The primary limitation of our study was the size of the IEOS group compared with the size of the AIS group. AIS is a much more common disorder. As a result, the IEOS group was significantly smaller despite sourcing data from a large, multicenter study group. However, we think the similarities with existing literature show our IEOS group to be representative and suitable for comparison.
A second limitation was that patients were retrospectively identified in the study groups' records based on whether or not they had surgery. Consequently, rather than comparing “operative” IEOS and “operative” AIS as defined by a homogenously used standard of “operative,” we actually compared IEOS and AIS in the children considered as operable by the array of surgeons. This methodology has the potential to introduce bias because many factors play a role in a surgeon's decision. For instance, it is possible that the greater curve magnitude in IEOS results from a desire to postpone surgery in all but the most severe deformities. To address such possibilities fully, we would need to also examine the deformity in patients in each database who have not been considered for surgical intervention.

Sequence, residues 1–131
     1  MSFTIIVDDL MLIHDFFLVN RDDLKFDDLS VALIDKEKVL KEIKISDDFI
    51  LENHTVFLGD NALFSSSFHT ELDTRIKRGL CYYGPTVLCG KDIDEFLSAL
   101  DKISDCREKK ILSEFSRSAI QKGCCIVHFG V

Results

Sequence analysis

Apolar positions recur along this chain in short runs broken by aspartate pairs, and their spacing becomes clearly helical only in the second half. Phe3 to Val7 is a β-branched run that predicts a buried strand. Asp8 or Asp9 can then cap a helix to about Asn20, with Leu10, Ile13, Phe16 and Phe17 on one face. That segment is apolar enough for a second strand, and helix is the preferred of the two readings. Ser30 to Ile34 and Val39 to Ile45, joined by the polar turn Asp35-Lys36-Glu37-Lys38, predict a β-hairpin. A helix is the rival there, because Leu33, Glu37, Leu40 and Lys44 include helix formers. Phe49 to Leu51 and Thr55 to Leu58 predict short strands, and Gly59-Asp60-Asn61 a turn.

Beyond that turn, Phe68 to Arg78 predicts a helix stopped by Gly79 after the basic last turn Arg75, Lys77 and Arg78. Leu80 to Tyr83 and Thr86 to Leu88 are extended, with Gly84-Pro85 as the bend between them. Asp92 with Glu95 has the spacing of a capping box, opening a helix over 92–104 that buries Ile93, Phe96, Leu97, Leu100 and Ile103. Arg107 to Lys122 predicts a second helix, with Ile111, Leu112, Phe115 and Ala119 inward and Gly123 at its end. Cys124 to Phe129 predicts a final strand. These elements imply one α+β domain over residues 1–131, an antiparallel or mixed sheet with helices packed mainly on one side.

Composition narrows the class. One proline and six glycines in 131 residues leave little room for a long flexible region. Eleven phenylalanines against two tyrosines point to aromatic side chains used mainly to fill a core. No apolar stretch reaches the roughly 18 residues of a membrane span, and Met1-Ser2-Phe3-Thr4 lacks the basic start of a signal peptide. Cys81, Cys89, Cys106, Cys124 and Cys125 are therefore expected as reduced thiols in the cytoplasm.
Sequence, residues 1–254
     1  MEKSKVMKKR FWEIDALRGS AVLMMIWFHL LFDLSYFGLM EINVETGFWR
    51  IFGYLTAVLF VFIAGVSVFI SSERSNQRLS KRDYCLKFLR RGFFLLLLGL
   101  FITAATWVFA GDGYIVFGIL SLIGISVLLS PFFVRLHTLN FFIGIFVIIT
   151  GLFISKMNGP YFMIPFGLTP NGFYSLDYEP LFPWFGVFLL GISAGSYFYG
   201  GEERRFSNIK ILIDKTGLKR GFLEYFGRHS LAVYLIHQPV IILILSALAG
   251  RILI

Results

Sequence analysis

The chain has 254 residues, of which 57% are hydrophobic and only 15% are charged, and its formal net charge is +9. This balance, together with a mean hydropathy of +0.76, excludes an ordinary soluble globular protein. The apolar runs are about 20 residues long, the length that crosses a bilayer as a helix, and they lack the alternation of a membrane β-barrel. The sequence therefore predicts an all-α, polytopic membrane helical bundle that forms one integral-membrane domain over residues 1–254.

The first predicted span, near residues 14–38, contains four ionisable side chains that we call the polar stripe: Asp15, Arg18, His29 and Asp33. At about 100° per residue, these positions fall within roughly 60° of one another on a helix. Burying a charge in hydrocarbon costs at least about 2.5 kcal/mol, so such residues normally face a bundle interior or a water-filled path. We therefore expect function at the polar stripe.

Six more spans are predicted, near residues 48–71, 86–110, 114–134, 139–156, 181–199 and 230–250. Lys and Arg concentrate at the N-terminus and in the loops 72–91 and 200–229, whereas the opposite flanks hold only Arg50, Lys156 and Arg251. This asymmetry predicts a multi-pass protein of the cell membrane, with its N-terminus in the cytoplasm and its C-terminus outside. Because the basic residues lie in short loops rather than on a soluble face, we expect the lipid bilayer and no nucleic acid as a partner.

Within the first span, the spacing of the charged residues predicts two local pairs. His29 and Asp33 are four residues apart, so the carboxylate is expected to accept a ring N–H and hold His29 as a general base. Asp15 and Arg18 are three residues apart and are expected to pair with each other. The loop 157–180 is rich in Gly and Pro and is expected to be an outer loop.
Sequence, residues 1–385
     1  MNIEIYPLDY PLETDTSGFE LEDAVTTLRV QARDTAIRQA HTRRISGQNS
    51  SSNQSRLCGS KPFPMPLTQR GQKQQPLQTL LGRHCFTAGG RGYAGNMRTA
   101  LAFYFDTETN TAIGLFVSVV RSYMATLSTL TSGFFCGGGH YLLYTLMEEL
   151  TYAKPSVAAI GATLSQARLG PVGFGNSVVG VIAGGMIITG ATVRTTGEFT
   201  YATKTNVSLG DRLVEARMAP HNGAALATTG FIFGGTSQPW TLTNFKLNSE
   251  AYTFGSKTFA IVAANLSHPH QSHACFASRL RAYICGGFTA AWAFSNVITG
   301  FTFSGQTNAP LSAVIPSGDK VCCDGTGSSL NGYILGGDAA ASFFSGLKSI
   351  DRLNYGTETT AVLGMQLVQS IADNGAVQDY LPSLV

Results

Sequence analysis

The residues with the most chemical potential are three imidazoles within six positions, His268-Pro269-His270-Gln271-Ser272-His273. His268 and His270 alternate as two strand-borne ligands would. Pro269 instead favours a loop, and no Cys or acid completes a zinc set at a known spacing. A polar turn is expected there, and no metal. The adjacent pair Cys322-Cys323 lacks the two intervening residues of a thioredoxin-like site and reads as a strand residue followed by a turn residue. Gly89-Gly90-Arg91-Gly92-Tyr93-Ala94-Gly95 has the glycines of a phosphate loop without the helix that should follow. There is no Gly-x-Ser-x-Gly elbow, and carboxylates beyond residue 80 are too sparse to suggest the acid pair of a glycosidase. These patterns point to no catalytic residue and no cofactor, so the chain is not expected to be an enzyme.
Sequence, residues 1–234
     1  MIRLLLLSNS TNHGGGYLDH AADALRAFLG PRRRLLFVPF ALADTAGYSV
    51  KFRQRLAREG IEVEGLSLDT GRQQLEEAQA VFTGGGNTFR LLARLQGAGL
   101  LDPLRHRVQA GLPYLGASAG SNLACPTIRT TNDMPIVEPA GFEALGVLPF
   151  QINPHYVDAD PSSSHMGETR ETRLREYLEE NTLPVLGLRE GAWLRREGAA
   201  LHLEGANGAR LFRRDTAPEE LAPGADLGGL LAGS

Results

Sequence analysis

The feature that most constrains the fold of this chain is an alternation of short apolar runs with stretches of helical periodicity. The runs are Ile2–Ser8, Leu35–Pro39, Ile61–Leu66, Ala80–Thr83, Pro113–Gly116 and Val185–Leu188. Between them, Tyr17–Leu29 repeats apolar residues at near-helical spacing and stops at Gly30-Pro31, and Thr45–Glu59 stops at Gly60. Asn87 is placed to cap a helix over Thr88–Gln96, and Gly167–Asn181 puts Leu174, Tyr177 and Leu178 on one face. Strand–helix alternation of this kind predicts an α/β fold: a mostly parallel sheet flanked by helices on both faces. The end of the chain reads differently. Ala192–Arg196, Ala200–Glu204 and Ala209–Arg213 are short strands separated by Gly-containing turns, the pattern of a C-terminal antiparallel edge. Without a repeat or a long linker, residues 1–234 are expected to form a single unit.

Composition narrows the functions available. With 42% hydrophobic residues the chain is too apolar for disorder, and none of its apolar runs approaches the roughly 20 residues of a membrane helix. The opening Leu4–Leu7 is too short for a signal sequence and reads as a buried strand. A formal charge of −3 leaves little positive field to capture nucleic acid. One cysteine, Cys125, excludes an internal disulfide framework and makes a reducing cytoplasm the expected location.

Our study shows significant differences in radiographical characteristics of IEOS and AIS. Deformity in the younger population exhibits greater kyphosis, larger curve magnitude, and a more distal curve apex, all of which present treatment challenges that are less prevalent in adolescent patients.
* To our knowledge, no previous studies have statistically compared the radiographical characteristics of large cohorts of operative IEOS and operative AIS.
* Patients with IEOS showed larger curve magnitude, more severe kyphosis, less curve compensation, more caudal curve apex, and a more caudal highest stable vertebra.
* The clinical significance of these findings include the need for more distal instrumentation and carefully planned proximal anchors in IEOS secondary to the more caudal and kyphotic curve characteristics.
* Future research may include a classification system applicable to early-onset scoliosis and comparison of the levels and types of instrumentation used in IEOS and AIS.
The authors thank Elaine P. Henze, BJ, ELS, for her editorial work, and Tracey Bastrom, MA, for her statistical analysis. The authors also thank the Growing Spine Study Group and the Harms Study Group, for contribution of data for this study. The Harms Study Group (HSG) is a collaborative cohort of worldwide distinguished surgeons dedicated to the advancement of treatment for children and adolescents with spine deformity. Through comprehensive, multicenter prospective research studies, questions regarding treatment approach and techniques to achieve desired outcomes are studied with a commitment to be internationally recognized for the highest quality published research on new spinal deformity surgery techniques.
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idiopathic; scoliosis; early-onset; infantile; juvenile; adolescent; Lenke